Law Report - The Role of an Executor in a Will
When someone makes a Will they nominate an executor. They may nominate one person or a number of people to act together. You may have been told by a relative or close friend that you have been nominated as an executor in their Will but you may not be sure what it entails.
The role of an executor is to administer the estate of a deceased person in accordance with their Will. An executor must comply with various laws and rules that govern the administration of deceased estates and trusts.
The responsibilities of an executor may include locating the original Will, making funeral arrangements, notifying relevant authorities, making a list of assets and debts, making sure all property is insured, applying to the Supreme Court for a grant of Probate, securing assets, paying debts, lodging tax returns for the deceased and their estate, establishing any trusts created in the Will and distributing the estate in accordance with the Will. This is a guide only and not an exhaustive list, the steps involved will vary depending on the nature of the estate.
A key part of the administration of an estate is to obtain a grant of Probate; this is an order from the Supreme Court of NSW that confirms a Will is valid and that any executors have the right to administer the estate.
The time taken to administer an estate will depend on the complexity of the estate, the minimum time to finalise an estate is 6 months from the date of death and most estates are usually finalised within one year.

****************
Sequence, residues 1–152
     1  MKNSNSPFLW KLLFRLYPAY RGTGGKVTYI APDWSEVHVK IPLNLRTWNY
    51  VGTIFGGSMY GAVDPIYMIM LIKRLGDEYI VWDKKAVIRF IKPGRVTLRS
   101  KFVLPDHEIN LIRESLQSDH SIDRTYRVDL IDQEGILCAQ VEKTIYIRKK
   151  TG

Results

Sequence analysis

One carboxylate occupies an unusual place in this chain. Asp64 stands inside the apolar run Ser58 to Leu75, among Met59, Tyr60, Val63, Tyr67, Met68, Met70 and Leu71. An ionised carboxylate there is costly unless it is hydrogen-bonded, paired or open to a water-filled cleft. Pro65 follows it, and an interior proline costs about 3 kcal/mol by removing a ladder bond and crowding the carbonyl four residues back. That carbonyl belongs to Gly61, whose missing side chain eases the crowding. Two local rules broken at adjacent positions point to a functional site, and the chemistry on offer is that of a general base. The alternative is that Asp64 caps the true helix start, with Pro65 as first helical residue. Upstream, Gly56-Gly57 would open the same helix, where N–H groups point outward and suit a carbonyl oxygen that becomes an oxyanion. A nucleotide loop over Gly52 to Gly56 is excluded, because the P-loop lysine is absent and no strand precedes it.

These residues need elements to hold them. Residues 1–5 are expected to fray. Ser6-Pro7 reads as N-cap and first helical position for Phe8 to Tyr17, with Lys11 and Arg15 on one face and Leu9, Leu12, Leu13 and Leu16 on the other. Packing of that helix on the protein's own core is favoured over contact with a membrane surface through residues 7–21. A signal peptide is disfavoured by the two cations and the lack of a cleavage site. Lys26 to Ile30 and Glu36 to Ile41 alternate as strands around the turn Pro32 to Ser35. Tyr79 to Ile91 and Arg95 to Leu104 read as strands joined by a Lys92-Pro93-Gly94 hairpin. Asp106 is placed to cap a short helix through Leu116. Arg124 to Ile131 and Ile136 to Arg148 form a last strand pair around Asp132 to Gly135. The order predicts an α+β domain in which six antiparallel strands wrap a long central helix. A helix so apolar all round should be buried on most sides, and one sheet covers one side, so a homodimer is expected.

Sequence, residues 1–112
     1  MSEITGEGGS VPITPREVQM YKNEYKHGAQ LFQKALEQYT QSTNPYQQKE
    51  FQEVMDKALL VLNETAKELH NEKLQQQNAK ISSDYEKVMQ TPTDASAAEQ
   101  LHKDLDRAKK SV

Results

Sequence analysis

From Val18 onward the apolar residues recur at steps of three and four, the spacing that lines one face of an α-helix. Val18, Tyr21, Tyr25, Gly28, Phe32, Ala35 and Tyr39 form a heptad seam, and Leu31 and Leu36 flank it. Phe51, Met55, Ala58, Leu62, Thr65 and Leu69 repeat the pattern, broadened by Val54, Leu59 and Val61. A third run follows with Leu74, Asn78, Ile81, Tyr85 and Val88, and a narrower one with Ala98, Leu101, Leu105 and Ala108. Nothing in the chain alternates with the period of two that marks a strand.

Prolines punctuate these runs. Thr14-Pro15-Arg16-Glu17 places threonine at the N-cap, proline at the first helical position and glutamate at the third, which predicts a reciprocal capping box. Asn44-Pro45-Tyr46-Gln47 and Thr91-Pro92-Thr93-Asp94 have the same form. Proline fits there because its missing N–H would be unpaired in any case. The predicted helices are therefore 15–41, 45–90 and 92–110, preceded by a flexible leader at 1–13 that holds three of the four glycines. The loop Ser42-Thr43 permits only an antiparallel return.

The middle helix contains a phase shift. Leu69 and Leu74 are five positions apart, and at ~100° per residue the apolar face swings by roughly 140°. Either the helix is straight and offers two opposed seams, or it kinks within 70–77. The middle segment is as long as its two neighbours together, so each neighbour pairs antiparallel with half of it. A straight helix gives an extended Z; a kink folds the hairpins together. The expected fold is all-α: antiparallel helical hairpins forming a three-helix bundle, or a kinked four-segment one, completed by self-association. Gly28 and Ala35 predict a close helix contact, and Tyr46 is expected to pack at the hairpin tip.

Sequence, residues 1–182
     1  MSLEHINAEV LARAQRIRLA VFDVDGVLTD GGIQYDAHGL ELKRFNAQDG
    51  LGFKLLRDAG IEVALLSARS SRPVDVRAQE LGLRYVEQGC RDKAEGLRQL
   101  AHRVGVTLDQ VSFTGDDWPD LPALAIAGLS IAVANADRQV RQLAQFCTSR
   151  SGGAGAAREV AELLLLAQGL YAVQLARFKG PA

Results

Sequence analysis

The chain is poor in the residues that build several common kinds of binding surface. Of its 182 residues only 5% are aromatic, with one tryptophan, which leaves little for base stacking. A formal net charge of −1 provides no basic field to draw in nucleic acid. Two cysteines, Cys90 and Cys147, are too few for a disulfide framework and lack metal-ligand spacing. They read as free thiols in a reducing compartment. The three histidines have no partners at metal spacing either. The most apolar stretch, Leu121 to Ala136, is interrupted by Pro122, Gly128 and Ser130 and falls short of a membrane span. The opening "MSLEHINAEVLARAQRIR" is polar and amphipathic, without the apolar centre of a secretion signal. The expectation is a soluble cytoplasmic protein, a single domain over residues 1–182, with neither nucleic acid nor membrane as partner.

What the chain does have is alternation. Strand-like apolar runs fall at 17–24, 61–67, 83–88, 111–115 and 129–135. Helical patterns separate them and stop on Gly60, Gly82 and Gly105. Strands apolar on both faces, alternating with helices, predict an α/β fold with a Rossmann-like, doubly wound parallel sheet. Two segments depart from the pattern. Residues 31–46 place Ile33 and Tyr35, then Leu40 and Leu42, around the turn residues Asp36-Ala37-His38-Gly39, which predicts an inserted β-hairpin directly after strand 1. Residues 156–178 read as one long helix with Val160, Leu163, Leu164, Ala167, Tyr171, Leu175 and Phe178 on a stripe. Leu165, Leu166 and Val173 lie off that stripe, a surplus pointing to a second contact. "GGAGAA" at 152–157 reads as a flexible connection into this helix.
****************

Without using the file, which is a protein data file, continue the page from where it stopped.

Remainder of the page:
However if the Will establishes a trust then the person nominated as executor will often have to take on the role of trustee. A Will may create a trust if the deceased gifts all or part of their estate to a beneficiary who is a minor such as a child or grandchild. In these circumstances the role of trustee may involve preserving and managing estate assets until the beneficiary reaches their majority. The age that a beneficiary reaches their majority depends on the terms of the Will, for example the will maker may have specified the age of majority as 18 or 25 years.
If you are nominated as executor you can engage a solicitor to guide you through your role and this is usually paid for by the deceased’s estate. A solicitor can assist by setting out your rights and responsibilities, helping you to apply for probate and assisting you with the administration of the estate to ensure it is carried out in the correct way.
If you have been nominated as an executor in someone's will and require assistance, our team can help and invite you to make contact.